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Volume 16, issue 5 | Copyright
Atmos. Chem. Phys., 16, 3383-3398, 2016
https://doi.org/10.5194/acp-16-3383-2016
© Author(s) 2016. This work is distributed under
the Creative Commons Attribution 3.0 License.

Research article 15 Mar 2016

Research article | 15 Mar 2016

Convective sources of trajectories traversing the tropical tropopause layer

Ann-Sophie Tissier and Bernard Legras Ann-Sophie Tissier and Bernard Legras
  • Laboratoire de Météorologie Dynamique, UPMC Paris 06/CNRS/ENS/Ecole Polytechnique, UMR 8539, Paris, France

Abstract. Transit properties across the tropical tropopause layer are studied using extensive forward and backward Lagrangian diabatic trajectories between cloud tops and the reference surface 380K. After dividing the tropical domain into 11 subregions according to the distribution of land and convection, we estimate the contribution of each region to the upward mass flux across the 380K surface and to the vertical distribution of convective sources and transit times over the period 2005–2008. The good agreement between forward and backward statistics is the basis of the results presented here. It is found that about 85 % of the tropical parcels at 380 K originate from convective sources throughout the year. From November to April, the sources are dominated by the warm pool which accounts for up to 70 % of the upward flux. During boreal summer, the Asian monsoon region is the largest contributor with similar contributions from the maritime and continental parts of the region; however, the vertical distributions and transit times associated with these two subregions are very different. Convective sources are generally higher over the continental part of the Asian monsoon region, with shorter transit times. We estimate the monthly averaged upward mass flux on the 380K surface and show that the contribution from convective outflow accounts for 80 % on average and explains most of its seasonal variations. The largest contributor to the convective flux is the South Asian Pacific region (warm pool) at 39 % throughout the year followed by oceanic regions surrounding continental Asia at 18 % and Africa at 10.8 %. Continental Asian lowlands account for 8 %. The Tibetan Plateau is a minor overall contributor (0.8 %), but transport from convective sources in this region is very efficient due to its central location beneath the Asian upper level anticyclone.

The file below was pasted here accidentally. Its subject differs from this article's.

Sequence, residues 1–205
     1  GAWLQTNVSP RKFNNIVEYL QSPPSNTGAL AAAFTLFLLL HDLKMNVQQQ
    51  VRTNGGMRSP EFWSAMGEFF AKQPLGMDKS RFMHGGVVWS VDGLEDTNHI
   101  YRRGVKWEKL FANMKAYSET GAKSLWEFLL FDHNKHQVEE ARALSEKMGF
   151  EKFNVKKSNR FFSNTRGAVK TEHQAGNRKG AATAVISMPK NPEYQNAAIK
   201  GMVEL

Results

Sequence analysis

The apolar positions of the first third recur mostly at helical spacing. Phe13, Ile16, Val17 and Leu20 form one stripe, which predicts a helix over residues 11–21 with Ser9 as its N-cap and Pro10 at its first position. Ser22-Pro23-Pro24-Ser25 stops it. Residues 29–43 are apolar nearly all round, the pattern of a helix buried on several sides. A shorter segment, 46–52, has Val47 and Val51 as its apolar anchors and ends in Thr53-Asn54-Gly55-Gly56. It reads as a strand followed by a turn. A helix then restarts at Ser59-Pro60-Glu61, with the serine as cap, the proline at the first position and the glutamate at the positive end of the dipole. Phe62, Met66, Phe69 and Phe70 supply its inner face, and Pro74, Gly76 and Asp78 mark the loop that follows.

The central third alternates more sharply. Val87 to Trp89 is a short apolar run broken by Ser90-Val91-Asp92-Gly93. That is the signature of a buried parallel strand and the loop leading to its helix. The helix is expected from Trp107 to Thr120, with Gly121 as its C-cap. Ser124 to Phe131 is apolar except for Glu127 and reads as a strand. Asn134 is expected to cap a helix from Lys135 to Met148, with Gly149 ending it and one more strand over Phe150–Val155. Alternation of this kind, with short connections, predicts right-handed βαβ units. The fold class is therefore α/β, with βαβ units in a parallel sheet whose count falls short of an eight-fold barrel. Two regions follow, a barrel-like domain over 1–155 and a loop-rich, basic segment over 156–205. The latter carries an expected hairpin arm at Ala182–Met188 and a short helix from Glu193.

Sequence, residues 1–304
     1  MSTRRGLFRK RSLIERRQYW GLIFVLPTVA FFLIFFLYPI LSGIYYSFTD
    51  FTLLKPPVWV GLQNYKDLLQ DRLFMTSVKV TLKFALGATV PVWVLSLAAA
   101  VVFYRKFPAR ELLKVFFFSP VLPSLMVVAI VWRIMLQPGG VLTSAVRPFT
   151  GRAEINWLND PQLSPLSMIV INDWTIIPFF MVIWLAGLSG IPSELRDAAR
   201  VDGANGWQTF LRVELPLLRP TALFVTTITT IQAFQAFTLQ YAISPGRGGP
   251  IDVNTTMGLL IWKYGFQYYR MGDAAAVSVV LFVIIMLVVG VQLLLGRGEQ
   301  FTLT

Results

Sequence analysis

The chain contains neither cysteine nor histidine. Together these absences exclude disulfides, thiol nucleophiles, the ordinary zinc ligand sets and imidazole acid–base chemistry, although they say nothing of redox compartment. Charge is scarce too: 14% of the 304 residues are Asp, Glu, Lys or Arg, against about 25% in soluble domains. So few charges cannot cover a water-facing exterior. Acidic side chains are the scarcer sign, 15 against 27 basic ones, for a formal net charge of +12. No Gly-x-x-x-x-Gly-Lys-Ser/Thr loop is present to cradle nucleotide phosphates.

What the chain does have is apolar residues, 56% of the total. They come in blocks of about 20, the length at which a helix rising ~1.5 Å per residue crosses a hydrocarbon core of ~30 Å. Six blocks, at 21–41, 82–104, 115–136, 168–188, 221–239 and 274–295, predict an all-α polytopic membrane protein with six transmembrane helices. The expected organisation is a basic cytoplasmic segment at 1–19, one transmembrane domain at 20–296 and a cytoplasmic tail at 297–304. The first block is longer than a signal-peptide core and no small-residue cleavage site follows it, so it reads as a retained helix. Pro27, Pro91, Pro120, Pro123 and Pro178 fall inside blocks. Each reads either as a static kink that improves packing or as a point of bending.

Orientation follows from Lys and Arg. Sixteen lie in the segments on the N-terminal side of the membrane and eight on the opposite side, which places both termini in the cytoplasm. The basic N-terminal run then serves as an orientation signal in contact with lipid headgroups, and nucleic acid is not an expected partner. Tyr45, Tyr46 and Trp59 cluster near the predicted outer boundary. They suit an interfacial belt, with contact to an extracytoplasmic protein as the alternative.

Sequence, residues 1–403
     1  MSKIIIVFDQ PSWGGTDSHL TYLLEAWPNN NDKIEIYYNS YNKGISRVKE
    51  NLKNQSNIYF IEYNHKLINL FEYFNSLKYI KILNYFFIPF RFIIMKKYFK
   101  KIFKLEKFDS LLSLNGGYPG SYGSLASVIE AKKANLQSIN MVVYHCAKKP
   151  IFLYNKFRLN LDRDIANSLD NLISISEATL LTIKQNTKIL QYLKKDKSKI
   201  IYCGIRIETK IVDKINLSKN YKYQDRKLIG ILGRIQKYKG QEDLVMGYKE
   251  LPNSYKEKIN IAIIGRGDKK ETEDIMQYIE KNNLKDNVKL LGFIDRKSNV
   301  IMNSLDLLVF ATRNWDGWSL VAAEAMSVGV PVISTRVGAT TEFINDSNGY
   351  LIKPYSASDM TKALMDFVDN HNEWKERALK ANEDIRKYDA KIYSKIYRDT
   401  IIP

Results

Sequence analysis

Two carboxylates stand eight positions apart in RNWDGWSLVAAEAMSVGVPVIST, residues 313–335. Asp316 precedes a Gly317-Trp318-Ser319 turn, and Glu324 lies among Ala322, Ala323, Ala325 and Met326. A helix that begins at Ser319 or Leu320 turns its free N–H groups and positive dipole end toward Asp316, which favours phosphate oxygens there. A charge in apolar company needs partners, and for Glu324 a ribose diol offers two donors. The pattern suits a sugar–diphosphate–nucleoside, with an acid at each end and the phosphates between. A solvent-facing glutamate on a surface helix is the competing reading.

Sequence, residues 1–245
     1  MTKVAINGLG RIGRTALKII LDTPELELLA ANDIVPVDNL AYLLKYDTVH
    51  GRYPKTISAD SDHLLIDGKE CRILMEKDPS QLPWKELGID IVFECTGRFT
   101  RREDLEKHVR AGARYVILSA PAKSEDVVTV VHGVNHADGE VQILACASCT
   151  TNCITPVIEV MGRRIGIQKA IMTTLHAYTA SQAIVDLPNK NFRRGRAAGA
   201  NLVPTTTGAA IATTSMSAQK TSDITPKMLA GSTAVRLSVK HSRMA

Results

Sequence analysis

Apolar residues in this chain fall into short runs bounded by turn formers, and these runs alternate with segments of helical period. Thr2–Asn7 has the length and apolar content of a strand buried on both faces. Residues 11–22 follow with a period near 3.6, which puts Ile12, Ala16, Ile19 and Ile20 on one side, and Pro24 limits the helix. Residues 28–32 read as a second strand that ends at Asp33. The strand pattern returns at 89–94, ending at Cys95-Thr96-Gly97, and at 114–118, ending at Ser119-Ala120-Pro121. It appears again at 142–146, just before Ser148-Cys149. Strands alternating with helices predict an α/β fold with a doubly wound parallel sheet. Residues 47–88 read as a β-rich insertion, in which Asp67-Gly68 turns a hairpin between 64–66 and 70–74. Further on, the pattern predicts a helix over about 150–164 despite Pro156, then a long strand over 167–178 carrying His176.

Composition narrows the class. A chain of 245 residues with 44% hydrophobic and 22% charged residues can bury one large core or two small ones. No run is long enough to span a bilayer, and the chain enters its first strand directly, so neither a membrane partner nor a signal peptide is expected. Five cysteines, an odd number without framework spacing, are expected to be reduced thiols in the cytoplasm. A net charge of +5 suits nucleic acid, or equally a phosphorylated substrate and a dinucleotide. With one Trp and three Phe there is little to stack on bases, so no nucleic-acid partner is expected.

The core results are robust to uncertainties in data and methods, but the vertical source distributions and transit times exhibit some sensitivity to the representations of cloud tops and heating rates. The main sensitivity is to the radiative heating rates which vary among reanalyses.

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Transit properties across the TTL are studied using forward and backward Lagrangian trajectories between cloud tops and the reference surface 380 K. The tropical domain is subdivided into 11 subregions according to the distribution of land and convection. Due to the good agreement between forward and backward statistics, we estimate the contribution of each region to the upward mass flux across the 380 K surface, the vertical distribution of convective sources and of transit times over 2005–2008.
Transit properties across the TTL are studied using forward and backward Lagrangian trajectories...
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